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The Sky Above, The Earth From Above the Sky

New York
Avery Fisher Hall, Lincoln Center
11/02/2011 -  
Philip Glass: Koyaanisqatsi

The Collegiate Chorale, James Bagwell (Director), Philip Glass and the Philip Glass Ensemble, New York Philharmonic Orchestra, Michael Riesman (Conductor)
Godfrey Reggio (Film Director/Producer), Ron Fricke (Photographer), Alton Walpole, Ron Fricke (Editors), Kurt Munkasei (Sound Design)

From Koyaanisqatsi
(© Institute for Regional Education, 2000. All rights reserved)

It is hardly a surprise to learn that New Orleans-born Godfrey Reggio was ordained as a Roman Catholic priest before turning to film-making. Or that seven years was spent in the making of Koyaanisqatsi (Life Out of Balance). Every shot of the 86-minute film breathes both divinity and visual finesse.

Yes, some walked out of the movie in Lincoln Center last night. But they would have walked out on Bergman, Griffiths and probably Altman as well. For Koyaanisqatsi is all too pure. And I don’t mean that as a judgment. It is a pure film, with no dialogue, no story. The visuals–literally thousands of them from across America–concentrating on the pure geological wonders of the Southwest to factory industries to the crazy roads in Los Angeles and New York–are not exactly literal, but their effects–rapidlycrazilyquick or v-e-r-y–s-l-o-w–are not meant as special effects, but to offer an artist’s interpretation of everyday human events.

Yet one must ask what Koyaanisqatsi would mean without the music by Philip Glass. One could see the movie (though watching it on anything besides a large screen would be inane). So last night, the New York Philharmonic, conducted by the man who conducted the original film music, Michael Reisman, gave us both music and film in a somewhat grandiose setting.

M. Riesman (© Eli Reed/Magnum)

Many conductors dread leading orchestras in Philip Glass music. Not that they don’t appreciate the compositional value. But so carefully intertwined are the lines, so subtle the repetitions, that it is hardly an edifying experience. Add to this that Koyaanisqatsi, with its rapidly moving images, must be exactly synchronized, with chorus, orchestra and the Philip Glass Ensemble (a kind of concerto grosso with vocals, some sung in Hopi language) as intricate as the music.

But Riesman, a composer himself, and longtime collaborator with Mr. Glass, was the right man to conduct. And the Philharmonic, in those rare times when playing as full ensemble, was the right group to balance out Glass and his eight players, on keyboards, winds and percussion.

The collaboration conductor, composer and musicians–some of whom go back almost 40 years–is a sterling one. Nobody could doubt that. But what of the music itself?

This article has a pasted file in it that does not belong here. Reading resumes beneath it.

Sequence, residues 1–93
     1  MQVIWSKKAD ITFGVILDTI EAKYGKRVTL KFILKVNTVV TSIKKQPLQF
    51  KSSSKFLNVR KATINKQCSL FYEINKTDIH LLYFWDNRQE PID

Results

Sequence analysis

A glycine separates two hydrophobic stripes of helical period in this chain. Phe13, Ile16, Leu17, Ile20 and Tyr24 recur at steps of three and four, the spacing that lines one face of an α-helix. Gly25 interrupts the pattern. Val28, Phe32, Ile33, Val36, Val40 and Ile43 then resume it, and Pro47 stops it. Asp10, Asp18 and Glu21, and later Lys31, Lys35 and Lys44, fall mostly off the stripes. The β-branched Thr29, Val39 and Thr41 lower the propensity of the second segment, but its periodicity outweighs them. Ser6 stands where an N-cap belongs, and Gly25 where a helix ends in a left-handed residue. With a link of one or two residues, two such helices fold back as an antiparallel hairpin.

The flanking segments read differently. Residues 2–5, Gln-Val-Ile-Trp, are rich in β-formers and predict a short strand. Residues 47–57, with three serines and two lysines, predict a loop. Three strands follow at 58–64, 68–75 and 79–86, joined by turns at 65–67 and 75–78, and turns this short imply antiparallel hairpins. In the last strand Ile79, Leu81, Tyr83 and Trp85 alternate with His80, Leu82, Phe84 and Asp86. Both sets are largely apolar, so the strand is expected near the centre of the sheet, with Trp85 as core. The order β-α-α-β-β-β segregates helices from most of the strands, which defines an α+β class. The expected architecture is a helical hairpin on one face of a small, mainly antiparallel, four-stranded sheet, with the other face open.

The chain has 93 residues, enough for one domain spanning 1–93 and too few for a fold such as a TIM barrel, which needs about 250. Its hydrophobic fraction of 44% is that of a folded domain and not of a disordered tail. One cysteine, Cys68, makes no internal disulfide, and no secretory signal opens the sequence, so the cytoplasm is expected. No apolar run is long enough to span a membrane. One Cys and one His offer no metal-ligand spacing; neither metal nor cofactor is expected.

I confess that was my first time to see the film and hear the music. They were both stunning in parts, though the obvious thesis–let’s get away from urban madness and see what nature can give us–is after almost three decades, somewhat mundane.

From Koyaanisqatsi
(© Institute for Regional Education, 2000. All rights reserved)

Not that I wouldn’t see the film over again. Some of it coul be derived. From Flaherty’s The River, from Antonioni’s Red Desert (the explosions), but that would be coincidental, for the pictures are all extravagantly good. And the aerial shots are still so overwhelming that they have yet to be duplicated today.

Mr. Glass begins with music which literally replicates his beloved deep-bass Tibetan-Bhutanese trumpets, followed by a choral intonation of Koyaanisqatsi, the name of the film. As a collaboration, I would gather he and director Reggio must have worked hard indeed on the editing. Glass increases speed when Reggio increases speed. Glass slows down to his usual arpeggios when Reggio shows rock formations in the desert.

Clouds are illustrated with brass, factory work with Modern Times-style chattering music. And in the final shots–the only long sequence in the entire film–Mr Glass has the Collegiate Chorale again intoning, with even more urgency, the Hopi thoughts about the end of the world, the world out of balance.

That scene shows, in all its agonizing slow motion tragedy, the explosion of a rocket, slowly, slowly drifting down, curling up like an ash as the fire envelops it.

The movie, and the music are spectacular, still. Not as cult or icon movie but as a certain kind of reality. Yet I wanted to know, needed to know the inspiration where Mr.Reggio precluded the use of any language at all.

With his jesuitic training, his sense of philosophy, he must have studied Wittgenstein, for his own rationale echoes the Swiss age of several decades ago.

"It's not for lack of love of the language that these films have no words. It's because, from my point of view, our language is in a state of vast humiliation. It no longer describes the world in which we live.”

Harry Rolnick



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